‘Crazy’ Neto sculpture opens Buenos Aires art center

One of Ernesto Neto’s most acclaimed installations is at the Panthéon in Paris called ‘Léviathan Thot.’ This work is licensed under the Creative Commons Attribution-ShareAlike 2.5 License.

One of Ernesto Neto’s most acclaimed installations is at the Panthéon in Paris called ‘Léviathan Thot.’ This work is licensed under the Creative Commons Attribution-ShareAlike 2.5 License.

BUENOS AIRES, Argentina (AP) – A monumental new sculpture by Brazilian artist Ernesto Neto has debuted in Buenos Aires’ Puerto Madero district, where decaying mills and warehouses have given way to a futuristic landscape of soaring skyscrapers and luxury hotels.

Knitting furiously with 30 helpers for two months, Neto filled a vast space in a former grain mill with colorful crochet netting, one knot at a time. Then he filled the nets with thousands of plastic balls to create swaying pathways for people to walk through, and suspended it all from the walls and ceiling. The result is a huge organic form that seems to float high above the floor, like vines spreading through the canopy of the Amazon jungle.

But the work isn’t complete without an audience, which was finally allowed in last week. This is art people are supposed to touch, push through and even hang from the form, letting their animal selves emerge as they unsteadily climb through the soft, pliant forms.

Some visitors complained that the experience was unsettling, but Neto said “stability is not normal.”

“People fear instability, thinking it’s a crisis, but instability is the natural state of things,” Neto said Thursday as he welcomed people to join his children, who were frolicking above him in the sculpture he calls Crazy Hyperculture in the Vertigo of the World.

Neto was invited by Argentine hotel magnate and developer Alan Faena to create the work for his newly opened Faena Art Center, which will serve as a commissioning hub for a lively calendar of music, art and culture. Along with the nearby Amalia Lacroze de Fortabat art museum and musical performances sponsored by his Faena Hotel, it gives visitors a compelling reason to leave the historic center of Argentina’s capital and explore a part of town where a construction boom has outpaced public life.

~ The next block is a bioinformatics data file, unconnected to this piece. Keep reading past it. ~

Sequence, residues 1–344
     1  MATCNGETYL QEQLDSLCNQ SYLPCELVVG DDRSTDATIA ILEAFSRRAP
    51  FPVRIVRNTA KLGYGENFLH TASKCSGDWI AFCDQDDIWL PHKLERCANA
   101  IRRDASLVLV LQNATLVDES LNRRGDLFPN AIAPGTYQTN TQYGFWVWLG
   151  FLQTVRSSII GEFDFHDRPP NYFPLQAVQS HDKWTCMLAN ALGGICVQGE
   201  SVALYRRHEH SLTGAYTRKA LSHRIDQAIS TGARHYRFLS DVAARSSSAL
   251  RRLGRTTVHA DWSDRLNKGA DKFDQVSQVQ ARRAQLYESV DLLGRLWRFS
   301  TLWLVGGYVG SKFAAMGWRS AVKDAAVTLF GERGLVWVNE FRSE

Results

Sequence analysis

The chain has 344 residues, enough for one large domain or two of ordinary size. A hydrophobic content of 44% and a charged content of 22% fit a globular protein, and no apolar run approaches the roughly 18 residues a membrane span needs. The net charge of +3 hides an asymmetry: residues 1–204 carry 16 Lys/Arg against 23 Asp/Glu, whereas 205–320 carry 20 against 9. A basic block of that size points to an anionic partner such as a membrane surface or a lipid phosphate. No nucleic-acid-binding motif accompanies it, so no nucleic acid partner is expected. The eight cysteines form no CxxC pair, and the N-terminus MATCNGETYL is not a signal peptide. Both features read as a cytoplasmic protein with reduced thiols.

Wealthy Latin Americans have been snapping up the district’s luxury apartments as hedges against inflation, but many remain empty for now, bought as investments.

“It’s like all human construction—very arid, dry, too square for me,” Neto said. “My work is different, inviting. If only we could build houses like trees, growing organically, working with nature to grow. It’s a fantasy I have. Because we are nature, there is no separation. It’s a symbiosis. We are here to live, to know that life is good, to be happy.”

In the early 1900s, Puerto Madero helped feed the world with grain, and the former mill where Neto’s work now hangs was at the center of it all, processing up to 1,000 tons of wheat a day. But the property had been decaying for years when Faena began restoring it in February 2002, at the depths of Argentina’s last economic crash.

His timing was fabulous. Money rushed in as Argentina swung from bust to boom. His properties now include a luxury hotel, apartments and office space that straddle seven city blocks.

“The art center is part of the whole vision,” said Faena, who wore his trademark white outfit, from wide-brimmed hat to designer shoes, as he inaugurated the center. “We took a space that was destroyed, abandoned by the city, and we built it into a new center for art. This vision won’t stop, ever. The essence of this transformative vision was planted long ago, a space that enables artists to grow and the people to come and enjoy themselves.”

Art has brought new life to decaying urban landscapes the world over. Artists move in, then galleries open, followed by high-end apartments and more gentrification. But in this part of Buenos Aires, at least, the opposite has happened.

“They’re just fast-forwarding to the luxury apartment status and the art is coming after the fact,” said the Tate Modern’s international art curator, Jessica Morgan.

Of course, artistic spaces are dependent on the people who come to them, which is why Morgan said the Faena Art Center—and the money it can provide as part of its commissions—is so important. “It’s about creating something new and giving an opportunity to artists to experiment in a very unique space,” Morgan said.

“Buenos Aires has such a strong history of modern and contemporary art. It has been the formative place for movements of artists since the early 20th century, with very good galleries, excellent younger artists,” she added. “It’s a place you can’t be in without having a sense of the living contemporary culture. And it continues to evolve.”

Faena is clearly thrilled that his properties are at the center of this trend.

“This is the Argentine moment,” he said. “Buenos Aires is a city that has no reason to be envious of any other in the world. We have an amazing culture.”


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AP-WF-09-23-11 1801GMT